Friese has been designing games for almost 20 years, but despite some great successes, he’s never had a year like this. Eight games! Is he a shoo-in for the award? Not so fast, my green-haired minion. First of all, three of the games are remakes pretty strongly aligned with their earlier versions. Then there’s Rummelplatz, a party-style game with 9 co-designers that doesn’t figure to help anyone’s candidacy too much.

That leaves us with four titles to consider: Black Friday, Famiglia, Fürstenfeld, and Stich-meister. None of these are that highly rated, but each has some strong supporters. Black Friday has been hamstrung early on with a poor rules translation—its ratings figure to improve. Many consider Famiglia to be a superior two-player game; it has a very good chance to garner an IGA nomination in that category. Both Fürstenfeld (an economic deck-management game) and Stich-meister (a wild trick-taker with variable objectives) have gained attention. It’s a group of designs almost any of his peers would be very happy with.

Friedemann has managed a Knizia-style year—lots of notable titles, but with no blockbusters or flashy ratings. Will it be enough to give The Man in Green his first DotY award? We’ll have to see, but he’s certainly in the running.

Corey Konieczka – Space Hulk: Death Angel; Runewars

FFG’s Corey Konieczka is on quite a roll. Every year, he comes up with at least one smash hit. In 2010, it was Runewars, which sports a rating of over 8.0 on the Geek and is threatening to edge into the Top 25. The Space Hulk: Death Angel cooperative card game has done pretty well in its own right. There are too many designers with strong resumes this year for a 2-design showing to grab the big award, but Mr. K has a very good chance to be among the top finishers for the third time in four years.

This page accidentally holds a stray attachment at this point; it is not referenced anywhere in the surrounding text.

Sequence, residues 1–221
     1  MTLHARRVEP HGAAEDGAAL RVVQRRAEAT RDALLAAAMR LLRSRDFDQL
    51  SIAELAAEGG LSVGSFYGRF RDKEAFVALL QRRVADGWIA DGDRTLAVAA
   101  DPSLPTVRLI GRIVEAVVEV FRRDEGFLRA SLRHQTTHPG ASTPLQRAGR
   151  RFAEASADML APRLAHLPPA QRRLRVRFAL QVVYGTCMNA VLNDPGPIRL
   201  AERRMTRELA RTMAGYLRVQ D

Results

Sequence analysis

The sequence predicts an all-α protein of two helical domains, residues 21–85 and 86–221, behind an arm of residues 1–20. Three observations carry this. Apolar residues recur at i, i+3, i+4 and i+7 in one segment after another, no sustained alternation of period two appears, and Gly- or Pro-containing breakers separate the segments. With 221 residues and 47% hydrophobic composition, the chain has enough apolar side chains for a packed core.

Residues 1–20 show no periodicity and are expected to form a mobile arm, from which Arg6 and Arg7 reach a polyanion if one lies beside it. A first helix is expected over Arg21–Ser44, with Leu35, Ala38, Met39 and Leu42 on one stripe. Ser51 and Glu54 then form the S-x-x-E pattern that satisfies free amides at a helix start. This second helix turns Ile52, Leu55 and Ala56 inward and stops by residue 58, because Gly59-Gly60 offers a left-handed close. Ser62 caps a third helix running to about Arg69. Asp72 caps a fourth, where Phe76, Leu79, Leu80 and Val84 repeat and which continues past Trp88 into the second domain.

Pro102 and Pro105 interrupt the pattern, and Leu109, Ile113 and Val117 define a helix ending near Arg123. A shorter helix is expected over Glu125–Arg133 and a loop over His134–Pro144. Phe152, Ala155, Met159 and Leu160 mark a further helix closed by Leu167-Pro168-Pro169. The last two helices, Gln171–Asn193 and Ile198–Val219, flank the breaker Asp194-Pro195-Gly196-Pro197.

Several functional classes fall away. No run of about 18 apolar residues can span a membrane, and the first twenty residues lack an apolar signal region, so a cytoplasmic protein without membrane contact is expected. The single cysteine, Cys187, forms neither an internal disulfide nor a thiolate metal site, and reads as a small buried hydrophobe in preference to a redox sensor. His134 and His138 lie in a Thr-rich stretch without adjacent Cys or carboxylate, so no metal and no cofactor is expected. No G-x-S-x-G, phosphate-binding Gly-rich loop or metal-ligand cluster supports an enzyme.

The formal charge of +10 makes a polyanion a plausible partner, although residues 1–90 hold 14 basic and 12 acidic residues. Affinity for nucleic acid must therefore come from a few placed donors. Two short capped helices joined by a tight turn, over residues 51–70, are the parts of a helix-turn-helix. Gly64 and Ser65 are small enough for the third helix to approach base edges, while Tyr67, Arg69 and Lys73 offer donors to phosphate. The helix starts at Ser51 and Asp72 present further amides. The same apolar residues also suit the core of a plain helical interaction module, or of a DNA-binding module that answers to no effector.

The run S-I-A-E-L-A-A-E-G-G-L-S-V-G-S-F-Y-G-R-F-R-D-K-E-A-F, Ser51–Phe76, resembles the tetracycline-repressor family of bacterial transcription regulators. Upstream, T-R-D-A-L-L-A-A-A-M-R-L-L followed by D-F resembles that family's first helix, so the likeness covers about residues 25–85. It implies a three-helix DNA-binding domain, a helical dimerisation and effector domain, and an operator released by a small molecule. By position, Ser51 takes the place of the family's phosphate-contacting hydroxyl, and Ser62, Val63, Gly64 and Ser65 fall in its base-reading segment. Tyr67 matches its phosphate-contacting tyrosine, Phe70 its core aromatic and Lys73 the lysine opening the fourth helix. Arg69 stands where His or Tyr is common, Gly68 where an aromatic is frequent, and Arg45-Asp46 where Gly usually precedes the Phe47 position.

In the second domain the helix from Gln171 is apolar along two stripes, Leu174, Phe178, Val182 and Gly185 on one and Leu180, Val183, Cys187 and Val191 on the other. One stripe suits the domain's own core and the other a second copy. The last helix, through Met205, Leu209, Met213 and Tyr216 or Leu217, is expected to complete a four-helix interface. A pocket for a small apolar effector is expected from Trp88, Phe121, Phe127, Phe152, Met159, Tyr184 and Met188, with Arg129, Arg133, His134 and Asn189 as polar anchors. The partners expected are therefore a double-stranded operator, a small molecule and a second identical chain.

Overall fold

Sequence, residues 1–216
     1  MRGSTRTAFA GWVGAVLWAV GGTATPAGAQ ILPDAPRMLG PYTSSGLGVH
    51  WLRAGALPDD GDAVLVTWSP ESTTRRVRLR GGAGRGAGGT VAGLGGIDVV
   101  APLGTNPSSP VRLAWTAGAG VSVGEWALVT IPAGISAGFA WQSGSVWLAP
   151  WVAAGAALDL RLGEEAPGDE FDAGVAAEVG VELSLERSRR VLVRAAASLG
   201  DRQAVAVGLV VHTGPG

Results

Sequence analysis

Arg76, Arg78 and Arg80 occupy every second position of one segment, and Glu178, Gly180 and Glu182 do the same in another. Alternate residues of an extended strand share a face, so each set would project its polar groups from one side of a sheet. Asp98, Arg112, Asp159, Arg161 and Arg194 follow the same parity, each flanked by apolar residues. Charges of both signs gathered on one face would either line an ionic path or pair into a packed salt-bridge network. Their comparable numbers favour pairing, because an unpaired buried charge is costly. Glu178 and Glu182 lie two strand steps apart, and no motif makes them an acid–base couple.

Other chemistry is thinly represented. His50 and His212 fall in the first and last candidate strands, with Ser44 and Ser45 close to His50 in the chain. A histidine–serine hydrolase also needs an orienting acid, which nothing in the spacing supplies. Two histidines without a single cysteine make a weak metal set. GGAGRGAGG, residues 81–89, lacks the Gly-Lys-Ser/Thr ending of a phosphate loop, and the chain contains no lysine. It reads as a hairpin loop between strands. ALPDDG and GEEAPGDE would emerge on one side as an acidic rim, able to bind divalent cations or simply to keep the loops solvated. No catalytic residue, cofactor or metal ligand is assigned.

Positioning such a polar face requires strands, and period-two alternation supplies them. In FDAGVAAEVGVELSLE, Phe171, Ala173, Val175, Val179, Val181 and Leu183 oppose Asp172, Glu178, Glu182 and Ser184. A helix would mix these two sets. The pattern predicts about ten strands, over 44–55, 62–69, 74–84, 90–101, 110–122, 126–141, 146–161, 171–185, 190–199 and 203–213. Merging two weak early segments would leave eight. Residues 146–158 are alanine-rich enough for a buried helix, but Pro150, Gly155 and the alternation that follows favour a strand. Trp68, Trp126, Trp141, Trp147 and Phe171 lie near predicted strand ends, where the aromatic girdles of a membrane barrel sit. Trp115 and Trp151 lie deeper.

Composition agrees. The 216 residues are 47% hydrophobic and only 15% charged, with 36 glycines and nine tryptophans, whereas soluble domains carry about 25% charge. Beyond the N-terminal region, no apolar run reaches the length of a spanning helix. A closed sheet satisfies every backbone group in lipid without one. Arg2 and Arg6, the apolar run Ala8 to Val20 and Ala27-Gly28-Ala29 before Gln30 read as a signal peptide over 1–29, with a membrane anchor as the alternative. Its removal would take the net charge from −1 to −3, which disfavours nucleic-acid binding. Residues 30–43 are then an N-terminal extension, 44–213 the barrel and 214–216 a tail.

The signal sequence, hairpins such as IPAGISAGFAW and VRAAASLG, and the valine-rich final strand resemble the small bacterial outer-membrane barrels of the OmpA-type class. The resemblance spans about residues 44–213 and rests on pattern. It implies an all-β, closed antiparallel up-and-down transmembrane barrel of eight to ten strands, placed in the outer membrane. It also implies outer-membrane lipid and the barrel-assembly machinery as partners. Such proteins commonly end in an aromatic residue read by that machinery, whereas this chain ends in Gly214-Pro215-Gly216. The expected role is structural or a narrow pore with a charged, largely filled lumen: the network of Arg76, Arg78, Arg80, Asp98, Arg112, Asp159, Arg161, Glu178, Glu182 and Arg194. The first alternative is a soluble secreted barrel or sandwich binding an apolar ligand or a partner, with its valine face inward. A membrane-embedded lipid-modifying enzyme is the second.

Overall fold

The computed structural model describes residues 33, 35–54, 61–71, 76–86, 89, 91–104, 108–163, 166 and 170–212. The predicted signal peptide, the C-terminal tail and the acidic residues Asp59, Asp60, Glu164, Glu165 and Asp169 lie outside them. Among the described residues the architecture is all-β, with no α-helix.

Wolfgang Kramer – 11 nimmt!; Asara; Merchants of the Middle Ages; Seeland; Tikal II

Kramer, who is approaching his 70th birthday, shows absolutely no sign of slowing down. A number of people have already predicted that the tower building game Asara will win the SdJ. Tikal II and 11 nimmt! are spinoffs of award-winning games (with the former getting solid ratings), while Merchants is the long awaited remake of Die Händler. Seeland is a nice little tile-placing game set in the Netherlands. It’s the kind of year most designers would kill for, but it’s more or less business as usual for Kramer. Much will depend on how well Asara does in the annual awards.

Jason Matthews/Christian Leonhard – Campaign Manager 2008(I); Founding Fathers

Matthews and Leonhard, after their earlier success with 1960, give us two more historically-inspired Euros. Both have solid ratings and Campaign Manager won the IGA award for best 2-player game last year. It was a particularly fine year for Jason, as his Twilight Struggle reached the top spot on the Geek. In the meantime, the duo’s look at American history from its origins to the near present have them in the conversation for Designer(s) of the Year.